The primary role of the vote buttons is to create the incentive gradient that determines which comments (and commenters) we get to have. This is perhaps the most powerful tool we have for incentivising some types of commentary. So I think we should practically always vote according to what comments we want to exist. On the margin, I think everyone (including you, based on your last bullet!) should vote more on usefulness.

Comment author: Stefan_Schubert 07 December 2016 04:13:01PM 0 points [-]

Yes - perhaps the text (particularly of the downvote button) should be changed to something that clarifies that.

Comment author: Benito 07 December 2016 04:23:31PM 1 point [-]

I definitely use the down vote button a lot to expressive negative affect, which is strongly influenced by 'disagree'. Having separate buttons could be pretty awesome.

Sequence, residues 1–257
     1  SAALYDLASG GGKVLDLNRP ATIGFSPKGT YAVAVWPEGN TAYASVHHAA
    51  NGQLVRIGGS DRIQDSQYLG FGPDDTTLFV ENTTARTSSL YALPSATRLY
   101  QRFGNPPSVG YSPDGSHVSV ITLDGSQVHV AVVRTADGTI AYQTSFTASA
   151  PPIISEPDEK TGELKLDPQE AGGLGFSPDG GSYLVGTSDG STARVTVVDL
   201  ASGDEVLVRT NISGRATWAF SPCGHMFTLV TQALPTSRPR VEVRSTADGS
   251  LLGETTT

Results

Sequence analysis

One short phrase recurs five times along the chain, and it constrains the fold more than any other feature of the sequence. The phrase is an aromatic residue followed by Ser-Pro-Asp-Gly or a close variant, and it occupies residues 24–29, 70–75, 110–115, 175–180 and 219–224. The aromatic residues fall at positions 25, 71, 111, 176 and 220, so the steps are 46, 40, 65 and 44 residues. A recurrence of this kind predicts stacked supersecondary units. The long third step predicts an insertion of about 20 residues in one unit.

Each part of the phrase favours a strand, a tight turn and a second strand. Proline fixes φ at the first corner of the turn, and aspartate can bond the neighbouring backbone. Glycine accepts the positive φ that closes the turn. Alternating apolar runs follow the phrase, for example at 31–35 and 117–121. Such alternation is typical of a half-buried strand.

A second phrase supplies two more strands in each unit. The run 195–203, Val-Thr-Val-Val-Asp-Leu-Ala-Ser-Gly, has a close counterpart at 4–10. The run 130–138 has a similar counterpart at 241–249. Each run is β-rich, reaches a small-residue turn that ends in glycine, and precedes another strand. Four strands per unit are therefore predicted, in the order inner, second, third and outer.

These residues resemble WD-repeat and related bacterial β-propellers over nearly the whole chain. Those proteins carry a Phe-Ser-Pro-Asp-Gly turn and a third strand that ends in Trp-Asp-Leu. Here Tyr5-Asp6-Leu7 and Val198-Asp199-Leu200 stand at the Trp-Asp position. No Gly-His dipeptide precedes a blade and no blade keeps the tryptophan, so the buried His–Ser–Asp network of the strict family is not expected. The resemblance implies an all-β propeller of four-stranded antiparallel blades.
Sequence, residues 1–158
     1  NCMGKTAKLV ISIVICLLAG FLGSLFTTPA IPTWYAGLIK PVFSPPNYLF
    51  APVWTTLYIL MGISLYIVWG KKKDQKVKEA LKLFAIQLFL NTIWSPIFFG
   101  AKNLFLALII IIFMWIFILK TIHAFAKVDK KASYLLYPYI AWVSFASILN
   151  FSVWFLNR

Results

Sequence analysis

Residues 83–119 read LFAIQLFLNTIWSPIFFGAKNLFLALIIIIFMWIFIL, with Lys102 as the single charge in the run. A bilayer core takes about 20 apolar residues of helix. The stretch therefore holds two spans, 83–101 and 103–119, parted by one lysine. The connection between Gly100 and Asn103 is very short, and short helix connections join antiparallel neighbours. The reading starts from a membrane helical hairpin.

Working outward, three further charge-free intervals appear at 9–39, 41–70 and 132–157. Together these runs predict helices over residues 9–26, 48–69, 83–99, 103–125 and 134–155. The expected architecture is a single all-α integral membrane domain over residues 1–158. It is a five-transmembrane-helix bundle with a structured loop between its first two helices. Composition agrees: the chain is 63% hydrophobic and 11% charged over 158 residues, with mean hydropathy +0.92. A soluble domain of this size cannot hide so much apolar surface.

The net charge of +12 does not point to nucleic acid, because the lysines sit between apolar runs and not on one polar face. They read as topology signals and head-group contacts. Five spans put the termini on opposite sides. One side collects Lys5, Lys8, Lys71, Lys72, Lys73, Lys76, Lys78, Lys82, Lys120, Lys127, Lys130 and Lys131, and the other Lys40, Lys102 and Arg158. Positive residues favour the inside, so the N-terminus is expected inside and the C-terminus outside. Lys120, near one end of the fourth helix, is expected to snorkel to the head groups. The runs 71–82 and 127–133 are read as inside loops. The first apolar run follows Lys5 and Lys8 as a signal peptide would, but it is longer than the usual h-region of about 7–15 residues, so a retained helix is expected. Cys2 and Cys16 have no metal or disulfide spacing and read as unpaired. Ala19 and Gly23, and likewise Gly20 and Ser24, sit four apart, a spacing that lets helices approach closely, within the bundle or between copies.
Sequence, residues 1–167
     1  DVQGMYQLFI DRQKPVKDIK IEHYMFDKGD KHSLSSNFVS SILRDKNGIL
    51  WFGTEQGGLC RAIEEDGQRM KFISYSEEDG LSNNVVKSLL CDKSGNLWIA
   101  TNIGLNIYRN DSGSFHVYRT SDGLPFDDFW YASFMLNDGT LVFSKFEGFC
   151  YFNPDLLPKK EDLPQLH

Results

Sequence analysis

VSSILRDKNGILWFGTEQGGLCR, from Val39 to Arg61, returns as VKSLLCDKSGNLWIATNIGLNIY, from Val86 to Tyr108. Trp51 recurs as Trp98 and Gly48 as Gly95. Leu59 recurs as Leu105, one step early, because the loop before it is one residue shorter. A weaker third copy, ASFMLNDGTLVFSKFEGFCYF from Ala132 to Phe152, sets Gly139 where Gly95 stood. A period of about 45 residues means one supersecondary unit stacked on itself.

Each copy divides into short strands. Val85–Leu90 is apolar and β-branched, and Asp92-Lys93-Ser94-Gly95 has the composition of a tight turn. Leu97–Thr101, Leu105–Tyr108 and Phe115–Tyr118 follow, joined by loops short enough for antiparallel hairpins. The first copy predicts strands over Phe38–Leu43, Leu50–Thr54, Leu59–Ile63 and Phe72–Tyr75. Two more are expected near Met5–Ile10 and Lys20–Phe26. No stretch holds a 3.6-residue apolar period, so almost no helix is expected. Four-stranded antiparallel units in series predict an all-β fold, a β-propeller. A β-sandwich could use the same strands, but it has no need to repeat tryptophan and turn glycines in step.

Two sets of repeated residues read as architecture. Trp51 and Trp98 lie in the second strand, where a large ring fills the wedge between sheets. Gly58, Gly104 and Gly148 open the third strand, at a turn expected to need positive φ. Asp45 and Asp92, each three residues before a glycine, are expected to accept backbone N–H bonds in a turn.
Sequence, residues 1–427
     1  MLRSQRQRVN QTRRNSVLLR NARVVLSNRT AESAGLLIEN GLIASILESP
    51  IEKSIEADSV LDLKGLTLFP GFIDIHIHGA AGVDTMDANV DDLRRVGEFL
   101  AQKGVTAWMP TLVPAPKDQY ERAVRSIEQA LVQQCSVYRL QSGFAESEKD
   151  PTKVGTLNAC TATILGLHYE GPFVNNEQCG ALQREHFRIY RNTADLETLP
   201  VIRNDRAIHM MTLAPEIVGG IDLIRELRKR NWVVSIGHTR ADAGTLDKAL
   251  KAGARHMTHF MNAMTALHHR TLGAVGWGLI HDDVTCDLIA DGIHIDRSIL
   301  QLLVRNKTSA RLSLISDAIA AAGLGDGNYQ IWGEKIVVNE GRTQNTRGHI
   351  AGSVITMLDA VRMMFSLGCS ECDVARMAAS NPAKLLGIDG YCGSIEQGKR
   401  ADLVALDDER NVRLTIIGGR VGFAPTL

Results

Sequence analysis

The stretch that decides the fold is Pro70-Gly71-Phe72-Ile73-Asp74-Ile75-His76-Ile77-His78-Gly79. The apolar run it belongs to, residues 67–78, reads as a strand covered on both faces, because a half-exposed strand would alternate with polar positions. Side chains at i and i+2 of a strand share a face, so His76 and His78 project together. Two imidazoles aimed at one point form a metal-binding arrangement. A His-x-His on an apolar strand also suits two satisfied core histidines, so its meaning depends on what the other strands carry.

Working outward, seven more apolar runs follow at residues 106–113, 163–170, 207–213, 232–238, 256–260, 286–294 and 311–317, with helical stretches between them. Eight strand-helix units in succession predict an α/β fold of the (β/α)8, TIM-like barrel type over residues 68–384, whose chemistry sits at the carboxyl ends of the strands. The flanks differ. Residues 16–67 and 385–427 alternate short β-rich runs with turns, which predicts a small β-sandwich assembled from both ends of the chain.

Comment author: RyanCarey 08 December 2016 01:10:40AM 2 points [-]

It would also be terrible UI to have two 'up' and two 'down' buttons with different meanings.

The nearest thing that would be feasible would be to have, as does LessWrong, a polling feature.

Comment author: Owen_Cotton-Barratt 08 December 2016 09:39:43AM -1 points [-]

You could give a little (3x3? 5x5?) voting grid: usefulness is one dimension, agreement is another. Users have the option of hiding one of the dimensions, and maybe this is the default.

Comment author: mhpage 07 December 2016 08:55:38PM 4 points [-]

This document is effectively CEA's year-end review and plans for next year (which I would expect to be relevant to people who visit this forum). We could literally delete a few sentences, and it would cease to be a fundraising document at all.

Comment author: Sean_o_h 07 December 2016 01:17:00PM *  4 points [-]